In the aerial survey industry, we're throwing phrases like orthorectification, aero-triangulation, and auto-correlation around us, expecting or assuming that the rest of the world knows what we're talking about.
We all have our specific words and phrases in most industries, I guess, so perhaps I should start from the beginning.
When I talk about an aerial survey, I'm talking mainly about the aerial photograph of a piloted fixed-wing aircraft. In recent years, this has become Commonly thanks to Bing Maps and Google Earth, and so on, despite many users assuming that it is all satellite data. Imagery. It's also overshadowed by better sensors such as hyperspectral, LiDAR, infrared, and Unmanned aerial vehicle.
Aerial surveyors fly across the country, taking hundreds of thousands of aerial photographs with highly expensive and specialized scanning cameras. These photos are considered the raw materials for a host of other derived products that are used for applications as diverse as mapping, urban planning, flood modeling, and wind farm modeling.
Each photo overlaps with the previous photo in a good way, to allow us to view it in 3D mode (individual photo is over 1 GB in size as the camera is 262 megapixels). The overlap is usually between 60% and 80%).
Using mathematical calculations based on the camera's information on the aircraft's position and tilt, we triangulate the photos. Shortly, this process turns each photo into a 'map' by setting it in its correct geographical location. That's named an orthophoto and is the kind of thing you see on Google Earth or Bing Maps; it's not a big satellite image, consisting of thousands of individual aerial photos stitched together.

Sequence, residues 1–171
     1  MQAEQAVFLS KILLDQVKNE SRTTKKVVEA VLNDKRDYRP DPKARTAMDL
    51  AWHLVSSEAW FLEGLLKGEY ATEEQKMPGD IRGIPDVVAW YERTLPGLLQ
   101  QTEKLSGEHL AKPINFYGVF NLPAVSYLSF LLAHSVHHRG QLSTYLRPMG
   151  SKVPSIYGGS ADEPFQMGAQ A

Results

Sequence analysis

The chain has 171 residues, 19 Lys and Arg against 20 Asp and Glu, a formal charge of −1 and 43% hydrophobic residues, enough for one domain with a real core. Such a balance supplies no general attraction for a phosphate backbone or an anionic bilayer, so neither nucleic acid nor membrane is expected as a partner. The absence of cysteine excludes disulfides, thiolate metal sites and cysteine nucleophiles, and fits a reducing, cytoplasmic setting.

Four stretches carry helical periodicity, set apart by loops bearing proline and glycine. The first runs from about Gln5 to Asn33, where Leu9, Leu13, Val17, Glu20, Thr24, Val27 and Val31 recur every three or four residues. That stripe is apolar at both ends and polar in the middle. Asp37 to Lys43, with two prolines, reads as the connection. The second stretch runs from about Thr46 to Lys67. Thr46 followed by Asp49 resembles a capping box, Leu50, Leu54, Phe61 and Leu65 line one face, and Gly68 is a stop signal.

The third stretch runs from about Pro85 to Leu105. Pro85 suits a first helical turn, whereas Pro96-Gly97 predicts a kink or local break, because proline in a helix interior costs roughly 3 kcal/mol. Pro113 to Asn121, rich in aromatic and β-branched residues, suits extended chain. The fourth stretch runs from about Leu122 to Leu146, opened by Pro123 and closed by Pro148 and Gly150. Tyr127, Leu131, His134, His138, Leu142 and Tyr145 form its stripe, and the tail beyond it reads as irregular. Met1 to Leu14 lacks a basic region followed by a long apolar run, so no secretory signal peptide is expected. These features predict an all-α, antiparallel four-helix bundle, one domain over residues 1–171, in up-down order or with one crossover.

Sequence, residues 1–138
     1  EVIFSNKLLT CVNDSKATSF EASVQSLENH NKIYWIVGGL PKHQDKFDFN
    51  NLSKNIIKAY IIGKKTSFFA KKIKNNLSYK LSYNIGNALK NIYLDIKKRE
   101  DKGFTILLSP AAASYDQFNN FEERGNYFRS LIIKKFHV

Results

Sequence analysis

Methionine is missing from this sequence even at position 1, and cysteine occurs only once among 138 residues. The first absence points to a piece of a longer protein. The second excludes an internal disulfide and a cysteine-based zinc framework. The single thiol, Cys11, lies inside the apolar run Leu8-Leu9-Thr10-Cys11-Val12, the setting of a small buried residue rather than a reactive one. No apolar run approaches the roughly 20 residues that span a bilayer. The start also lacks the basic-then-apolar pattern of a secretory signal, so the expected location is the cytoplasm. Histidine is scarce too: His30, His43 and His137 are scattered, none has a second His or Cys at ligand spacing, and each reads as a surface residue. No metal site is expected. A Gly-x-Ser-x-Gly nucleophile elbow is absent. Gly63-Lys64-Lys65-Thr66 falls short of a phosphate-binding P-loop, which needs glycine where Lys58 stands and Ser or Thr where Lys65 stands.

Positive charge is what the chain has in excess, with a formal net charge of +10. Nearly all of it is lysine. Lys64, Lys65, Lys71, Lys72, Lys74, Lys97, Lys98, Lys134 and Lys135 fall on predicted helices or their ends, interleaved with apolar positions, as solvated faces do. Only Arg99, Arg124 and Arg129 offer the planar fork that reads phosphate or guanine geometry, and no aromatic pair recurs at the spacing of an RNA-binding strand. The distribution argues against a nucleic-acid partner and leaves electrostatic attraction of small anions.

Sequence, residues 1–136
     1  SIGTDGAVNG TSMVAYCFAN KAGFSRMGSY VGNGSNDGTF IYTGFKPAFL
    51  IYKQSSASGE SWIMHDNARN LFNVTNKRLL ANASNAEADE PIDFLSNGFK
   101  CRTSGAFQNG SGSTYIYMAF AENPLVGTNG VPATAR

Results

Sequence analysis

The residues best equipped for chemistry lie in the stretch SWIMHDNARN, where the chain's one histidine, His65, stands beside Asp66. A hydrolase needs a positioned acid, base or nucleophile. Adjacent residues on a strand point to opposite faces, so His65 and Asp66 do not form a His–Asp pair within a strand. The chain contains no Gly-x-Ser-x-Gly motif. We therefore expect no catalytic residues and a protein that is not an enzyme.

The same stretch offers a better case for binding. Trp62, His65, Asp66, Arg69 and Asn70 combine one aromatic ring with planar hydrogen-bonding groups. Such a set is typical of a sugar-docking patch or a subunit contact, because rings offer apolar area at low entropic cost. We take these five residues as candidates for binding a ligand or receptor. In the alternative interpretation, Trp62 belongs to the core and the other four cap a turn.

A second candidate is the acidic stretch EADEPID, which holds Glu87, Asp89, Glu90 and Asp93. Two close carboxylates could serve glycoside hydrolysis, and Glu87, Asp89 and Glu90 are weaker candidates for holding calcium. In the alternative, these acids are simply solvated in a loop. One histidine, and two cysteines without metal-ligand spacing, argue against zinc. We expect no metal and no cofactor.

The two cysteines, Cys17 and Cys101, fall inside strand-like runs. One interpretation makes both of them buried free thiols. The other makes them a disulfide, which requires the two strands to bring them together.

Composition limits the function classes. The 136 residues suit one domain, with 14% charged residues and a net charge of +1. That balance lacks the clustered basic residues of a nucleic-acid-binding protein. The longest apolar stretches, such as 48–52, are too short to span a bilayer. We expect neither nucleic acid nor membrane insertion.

The ortho-rectification process has critical issues, such as removing the distortion caused by the earth's surface or terrain. Still, if you think the top of the mountain is closer to the camera than the sea is, this distorts the scale. The center of the image is right below the camera, while the photo edges are seen at an extremely slight angle that causes distortion again. like showed in figure 1
We create a 'digital terrain model' (DTM) of overlapping images to remedy this and use it to remove the distortion caused by the ground shape (hills and valleys). This process effectively removes distortions caused by hills and valleys but doesn't do the same for buildings; As for the edges of the image, they are slightly viewed from the side. figure 2
This is commonly referred to as 'building lean' and has historically been very costly and difficult to remove in aerial photos, especially on a wide scale. The lean building's primary issue is that the building top is relocated so that the ground and detail behind the building can be obscure. This is getting more defective as the building gets taller. Another issue is that the buildings' tops are not in their correct geographical location compared to the 2D map. This often limits the use of ordinary orthophotos in urban areas.